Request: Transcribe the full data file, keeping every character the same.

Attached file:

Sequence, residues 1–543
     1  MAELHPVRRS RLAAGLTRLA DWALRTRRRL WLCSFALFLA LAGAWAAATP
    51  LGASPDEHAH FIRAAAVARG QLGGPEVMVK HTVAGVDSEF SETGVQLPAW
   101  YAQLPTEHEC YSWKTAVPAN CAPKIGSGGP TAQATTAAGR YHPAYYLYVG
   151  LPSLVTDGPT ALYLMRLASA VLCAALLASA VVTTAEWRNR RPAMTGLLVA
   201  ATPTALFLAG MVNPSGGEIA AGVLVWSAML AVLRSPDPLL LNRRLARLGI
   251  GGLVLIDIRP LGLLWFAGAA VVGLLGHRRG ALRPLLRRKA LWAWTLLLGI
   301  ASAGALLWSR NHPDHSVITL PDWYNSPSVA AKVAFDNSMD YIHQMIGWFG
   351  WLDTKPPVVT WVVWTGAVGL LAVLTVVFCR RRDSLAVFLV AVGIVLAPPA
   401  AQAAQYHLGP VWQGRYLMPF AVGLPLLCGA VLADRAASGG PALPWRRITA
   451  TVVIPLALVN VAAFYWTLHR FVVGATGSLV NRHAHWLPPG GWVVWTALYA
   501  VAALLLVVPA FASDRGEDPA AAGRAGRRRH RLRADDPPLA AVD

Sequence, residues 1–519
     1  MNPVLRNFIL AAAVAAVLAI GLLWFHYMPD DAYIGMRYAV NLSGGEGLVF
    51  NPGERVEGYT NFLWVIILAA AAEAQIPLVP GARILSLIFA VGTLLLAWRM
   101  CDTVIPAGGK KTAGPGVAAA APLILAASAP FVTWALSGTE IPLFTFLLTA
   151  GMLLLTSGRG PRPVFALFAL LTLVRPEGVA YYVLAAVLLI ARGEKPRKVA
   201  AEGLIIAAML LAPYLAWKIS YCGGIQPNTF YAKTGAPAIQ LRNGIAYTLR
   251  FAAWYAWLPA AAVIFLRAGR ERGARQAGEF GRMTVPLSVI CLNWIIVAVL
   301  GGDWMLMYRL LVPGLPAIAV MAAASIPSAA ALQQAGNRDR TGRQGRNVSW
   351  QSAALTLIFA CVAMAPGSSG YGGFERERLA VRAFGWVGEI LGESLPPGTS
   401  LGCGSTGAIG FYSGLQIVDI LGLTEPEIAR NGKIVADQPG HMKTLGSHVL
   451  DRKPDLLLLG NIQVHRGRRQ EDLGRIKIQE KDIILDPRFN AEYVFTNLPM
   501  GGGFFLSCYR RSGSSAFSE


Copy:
Sequence, residues 1–543
     1  MAELHPVRRS RLAAGLTRLA DWALRTRRRL WLCSFALFLA LAGAWAAATP
    51  LGASPDEHAH FIRAAAVARG QLGGPEVMVK HTVAGVDSEF SETGVQLPAW
   101  YAQLPTEHEC YSWKTAVPAN CAPKIGSGGP TAQATTAAGR YHPAYYLYVG
   151  LPSLVTDGPT ALYLMRLASA VLCAALLASA VVTTAEWRNR RPAMTGLLVA
   201  ATPTALFLAG MVNPSGGEIA AGVLVWSAML AVLRSPDPLL LNRRLARLGI
   251  GGLVLIDIRP LGLLWFAGAA VVGLLGHRRG ALRPLLRRKA LWAWTLLLGI
   301  ASAGALLWSR NHPDHSVITL PDWYNSPSVA AKVAFDNSMD YIHQMIGWFG
   351  WLDTKPPVVT WVVWTGAVGL LAVLTVVFCR RRDSLAVFLV AVGIVLAPPA
   401  AQAAQYHLGP VWQGRYLMPF AVGLPLLCGA VLADRAASGG PALPWRRITA
   451  TVVIPLALVN VAAFYWTLHR FVVGATGSLV NRHAHWLPPG GWVVWTALYA
   501  VAALLLVVPA FASDRGEDPA AAGRAGRRRH RLRADDPPLA AVD

Sequence, residues 1–519
     1  MNPVLRNFIL AAAVAAVLAI GLLWFHYMPD DAYIGMRYAV NLSGGEGLVF
    51  NPGERVEGYT NFLWVIILAA AAEAQIPLVP GARILSLIFA VGTLLLAWRM
   101  CDTVIPAGGK KTAGPGVAAA APLILAASAP FVTWALSGTE IPLFTFLLTA
   151  GMLLLTSGRG PRPVFALFAL LTLVRPEGVA YYVLAAVLLI ARGEKPRKVA
   201  AEGLIIAAML LAPYLAWKIS YCGGIQPNTF YAKTGAPAIQ LRNGIAYTLR
   251  FAAWYAWLPA AAVIFLRAGR ERGARQAGEF GRMTVPLSVI CLNWIIVAVL
   301  GGDWMLMYRL LVPGLPAIAV MAAASIPSAA ALQQAGNRDR TGRQGRNVSW
   351  QSAALTLIFA CVAMAPGSSG YGGFERERLA VRAFGWVGEI LGESLPPGTS
   401  LGCGSTGAIG FYSGLQIVDI LGLTEPEIAR NGKIVADQPG HMKTLGSHVL
   451  DRKPDLLLLG NIQVHRGRRQ EDLGRIKIQE KDIILDPRFN AEYVFTNLPM
   501  GGGFFLSCYR RSGSSAFSE